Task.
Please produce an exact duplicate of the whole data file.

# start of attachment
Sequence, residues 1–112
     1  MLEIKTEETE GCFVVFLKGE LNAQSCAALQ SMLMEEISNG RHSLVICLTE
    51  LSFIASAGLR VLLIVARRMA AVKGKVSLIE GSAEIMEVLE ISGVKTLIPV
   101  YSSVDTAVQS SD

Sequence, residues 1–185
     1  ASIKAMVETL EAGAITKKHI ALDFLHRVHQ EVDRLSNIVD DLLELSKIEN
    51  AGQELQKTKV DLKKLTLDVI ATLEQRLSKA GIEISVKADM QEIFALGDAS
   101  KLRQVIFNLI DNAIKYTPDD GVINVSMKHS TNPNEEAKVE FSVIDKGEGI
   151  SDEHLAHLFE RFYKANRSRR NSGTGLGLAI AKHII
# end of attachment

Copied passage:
Sequence, residues 1–112
     1  MLEIKTEETE GCFVVFLKGE LNAQSCAALQ SMLMEEISNG RHSLVICLTE
    51  LSFIASAGLR VLLIVARRMA AVKGKVSLIE GSAEIMEVLE ISGVKTLIPV
   101  YSSVDTAVQS SD

Sequence, residues 1–185
     1  ASIKAMVETL EAGAITKKHI ALDFLHRVHQ EVDRLSNIVD DLLELSKIEN
    51  AGQELQKTKV DLKKLTLDVI ATLEQRLSKA GIEISVKADM QEIFALGDAS
   101  KLRQVIFNLI DNAIKYTPDD GVINVSMKHS TNPNEEAKVE FSVIDKGEGI
   151  SDEHLAHLFE RFYKANRSRR NSGTGLGLAI AKHII